Her vision also included reaching those in the film industry for Christ; she was instrumental in forming the Hollywood Christian Group as a means to this end, reaching a number of well-recognized members of that industry. This effort was a precursor to a number of ministries currently active in Southern California within the film and entertainment industry.
She was awarded an honorary Doctor of Humanities degree by Bob Jones University in 1949 on the basis of her outstanding contributions to Christian education. Believing international missions and evangelism to be of the utmost importance and urgency, Mears founded GLINT, originally Gospel Literature in National Tongues and later renamed Gospel Literature International, in 1961 to translate Gospel Light literature. This was her last major endeavor though she was still active on ministry boards and in personal service until her passing. Vital to the very night of her death, she peacefully went to join her Lord sometime before dawn, March 20, 1963. In testimony to the many lives she touched, nearly two thousand people attended her triumphant memorial service at the First Presbyterian Church of Hollywood.
The following four works are biographical resources on Mears’ life that were used extensively in the previous section. Much of their content covers similar material, so individual sources were not cited, unless quoted, to facilitate the flow of the narrative.
- Baldwin, E. M. & Benson, D. V. (1966). Henrietta Mears and how she did it. Ventura, CA: Regal Books.
- Madden, A. V. B. (1997). Henrietta C. Mears: 1890-1963, Her life and influence. Unpublished masters thesis. Gordon Conwell Theological Seminary, South Hamilton, MA. (Available Theological Research Exchange Network [TREN] microfiche.)
- Powers, B. H. (1957). The Henrietta Mears story. Westwood, N.J.: Fleming H. Revell Company.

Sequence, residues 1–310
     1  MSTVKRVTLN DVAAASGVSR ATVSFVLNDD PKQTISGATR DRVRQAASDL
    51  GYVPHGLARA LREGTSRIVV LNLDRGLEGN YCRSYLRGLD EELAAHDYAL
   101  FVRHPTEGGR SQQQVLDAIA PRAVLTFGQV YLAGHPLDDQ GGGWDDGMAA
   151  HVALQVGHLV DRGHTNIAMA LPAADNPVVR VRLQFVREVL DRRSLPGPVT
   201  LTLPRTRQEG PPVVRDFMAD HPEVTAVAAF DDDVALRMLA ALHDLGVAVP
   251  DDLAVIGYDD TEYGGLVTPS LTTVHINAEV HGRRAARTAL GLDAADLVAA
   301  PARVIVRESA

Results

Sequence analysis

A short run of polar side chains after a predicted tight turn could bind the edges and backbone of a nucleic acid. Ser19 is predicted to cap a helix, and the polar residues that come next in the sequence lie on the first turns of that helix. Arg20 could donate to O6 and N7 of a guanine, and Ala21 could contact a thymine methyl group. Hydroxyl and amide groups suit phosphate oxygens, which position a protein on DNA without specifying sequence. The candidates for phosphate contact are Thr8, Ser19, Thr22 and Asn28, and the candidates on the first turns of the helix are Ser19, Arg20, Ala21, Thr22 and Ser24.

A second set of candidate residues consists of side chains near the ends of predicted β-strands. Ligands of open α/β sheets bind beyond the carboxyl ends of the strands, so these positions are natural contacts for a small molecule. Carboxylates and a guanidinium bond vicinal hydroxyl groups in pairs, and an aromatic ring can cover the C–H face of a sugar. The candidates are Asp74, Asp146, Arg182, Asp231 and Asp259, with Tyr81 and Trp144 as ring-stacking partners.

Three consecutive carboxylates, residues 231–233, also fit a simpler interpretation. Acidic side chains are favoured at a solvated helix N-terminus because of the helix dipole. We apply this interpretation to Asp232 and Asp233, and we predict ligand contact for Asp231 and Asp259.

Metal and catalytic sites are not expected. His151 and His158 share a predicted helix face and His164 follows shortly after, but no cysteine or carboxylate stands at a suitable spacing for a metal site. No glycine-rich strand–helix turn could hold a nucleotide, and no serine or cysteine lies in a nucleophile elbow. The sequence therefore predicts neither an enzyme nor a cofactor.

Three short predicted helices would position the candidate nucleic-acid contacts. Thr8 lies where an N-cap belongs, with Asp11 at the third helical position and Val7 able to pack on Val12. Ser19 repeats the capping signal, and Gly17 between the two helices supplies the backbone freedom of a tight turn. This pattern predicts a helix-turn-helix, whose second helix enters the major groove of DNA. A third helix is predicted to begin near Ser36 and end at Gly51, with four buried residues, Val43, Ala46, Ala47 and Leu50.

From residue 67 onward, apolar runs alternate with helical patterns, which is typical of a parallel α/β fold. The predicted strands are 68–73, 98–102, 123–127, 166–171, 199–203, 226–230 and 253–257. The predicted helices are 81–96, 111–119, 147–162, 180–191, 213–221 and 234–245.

- Roe, E. O. (Ed.). (1990). Dream big: The Henrietta Mears story. Ventura, CA: Regal Books.
Contributions to Christian Education
As a Church Educational Ministry Professional
Henrietta Mears was a pioneer in the conduct of Christian education within the church from a number of perspectives. She was an innovator in Sunday school curriculum, having designed, written, and produced a curriculum that brought sound teaching-learning theory to the serious study of the Bible. One of her objectives was to put the “school” back in Sunday school. To honor Christ and to remain true to the Scriptures were core values of her philosophy of education from which she never wavered. Her expressed goal for the program was to “teach the Word clearly and correctly to the end that people may come to know Christ as Savior and Lord and to grow spiritually, faithful in every good work” (Hosier, 2000, p. 168). The Bible was the text and message of Christian education; it also gave principles as to the conduct of an educational ministry (Baldwin and Benson, 1966). Methods and procedures could change, she contended, and must be rethought based on the changing condition of the world and human need (Cox, 1961). Possessing both training and experience as a public school teacher, she integrated much of the contemporary educational thought of John Dewey and others regarding student needs and learning process with the timeless content of Scripture. These materials were closely age-graded to attend to the developmental needs and interests of the child. An assessment of this curriculum in the Sunday School Times (“Fundamental Sunday School Lessons,” May 5, 1934) hailed it as a noteworthy response to the secularized content of the public schools-attractive, interesting for pupil and teacher alike, Christ-centered, and true to Scripture. While it was originally written and published to meet the needs of only her own church, the demand for such materials, both nationally and even internationally, necessitated the founding of Gospel Light, which remains one of the major Evangelical houses publishing Bible study curriculum.